Anyone who has ever experienced Filter in concert knows that Richard Patrick will leave every morsel of his being on stage. After just recently witnessing this first hand on April 20th, 2016 in Minneapolis, Minnesota—[It’s genuine, it’s visceral, it’s real].

Filter’s music combines a monstrous-heavy industrial sound that is deliberately vicious and lyrically inspiring. Be it a lifelong fan or simply a music lover—you will appreciate their latest album Crazy Eyes.

I recently had the privilege to talk with Filter’s frontman, Richard Patrick, who talked about the abundance of freedom in self-producing their latest album, Crazy Eyes. Check out the interview with Richard Patrick below.

Richard Patrick of Filter performing in Minneapolis, Minnesota on April 20th, 2016.
Richard Patrick of Filter performing in Minneapolis, Minnesota on April 20th, 2016.

Would you say that this is a return to form for Filter, in regards to its heavy industrial sound?

Yeah, I mean… it took a lot for people to let go of their fear. I just want to make music that’s going to be real, authentic, and that comes from a real place. So I said, “This is how we’re going to do it.”

There was this sense of freedom that you got from it, I like heavy—and a lot of it is true to form, with big emerging choruses, stuff like that always makes me super happy! It’s kind of a return to the fact that I’m allowed to do what I want to do, and any crazy idea that I wanted to do, I could do.

Ashley Dzerigian, touring bassist, performing with Filter on April 20th. She has also toured with artists like Adam Lambert, Cee Lo Green, and Elle King.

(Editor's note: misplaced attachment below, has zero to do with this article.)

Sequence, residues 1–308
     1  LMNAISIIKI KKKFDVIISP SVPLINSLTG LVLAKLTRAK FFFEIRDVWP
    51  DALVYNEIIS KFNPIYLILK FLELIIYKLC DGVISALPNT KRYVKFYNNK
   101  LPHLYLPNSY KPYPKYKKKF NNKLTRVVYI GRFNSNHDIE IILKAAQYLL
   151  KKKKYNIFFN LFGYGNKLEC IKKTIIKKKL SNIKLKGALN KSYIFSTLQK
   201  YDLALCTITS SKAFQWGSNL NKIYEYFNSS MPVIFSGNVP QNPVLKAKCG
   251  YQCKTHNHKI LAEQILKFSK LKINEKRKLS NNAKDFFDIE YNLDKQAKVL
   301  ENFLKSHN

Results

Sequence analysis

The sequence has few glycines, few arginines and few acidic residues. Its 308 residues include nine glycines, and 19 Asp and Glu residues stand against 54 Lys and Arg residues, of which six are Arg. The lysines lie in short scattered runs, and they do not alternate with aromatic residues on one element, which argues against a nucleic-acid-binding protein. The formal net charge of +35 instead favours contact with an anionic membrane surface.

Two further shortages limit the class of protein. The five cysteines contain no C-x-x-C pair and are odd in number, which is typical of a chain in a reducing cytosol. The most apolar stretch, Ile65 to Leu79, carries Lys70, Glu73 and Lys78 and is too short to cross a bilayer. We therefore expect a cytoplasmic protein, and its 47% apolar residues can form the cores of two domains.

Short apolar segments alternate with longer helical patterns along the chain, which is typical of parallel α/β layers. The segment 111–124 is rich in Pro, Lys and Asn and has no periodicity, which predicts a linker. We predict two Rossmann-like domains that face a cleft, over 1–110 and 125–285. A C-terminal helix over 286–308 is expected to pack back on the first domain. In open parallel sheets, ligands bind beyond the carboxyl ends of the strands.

How did the recording process vary in relation to your previous six studio albums? 

You know, I called up the record company Wind-Up, who is another big contributing factor to all of this. Because when I was 19 or so, I was always able to do what I wanted to do, and the label would pretty much sign off on anything that I wanted do—it was a different era.

With certain music I listened to, it didn’t sound dated and sounded like it could come out today. That was the kind of stuff I was in to, and that’s how I felt. It felt good, that was the beauty of this record, having some faith that you’re not going to have to worry about anything. It’s all a combination of what you want to do as an artist, along with having some faith that you’re not going to have to worry about owing someone something. That kind of sad, “Get on the radio, get on the radio!” kind of mentality. You know what I mean.

The reality is this, I just wanted to have total freedom. This is what I’ve wanted to do for the past 10 years—it’s all about stream of conscious—I don’t want to sing perfectly, and it’s what I want to do. It’s a beautiful thing. This is Filter, and this is what we always do. This is a record that isn’t dated, it can be heard today and understood today.

See you in Minnesota buddy! Rock on!

Filter's leaving it all on the stage.
Filter’s frontman, Richard Patrick, leaving it all on the stage.

My biggest thanks to Filter’s Richard Patrick for taking the time to talk with me. Be sure to catch Filter on their headlining tour [Make America Hate Again Tour] with special guests: Orgy, Vampires Everywhere, and Death Valley High—now through June!

I implore you to check out and listen to Crazy Eyes from beginning to end.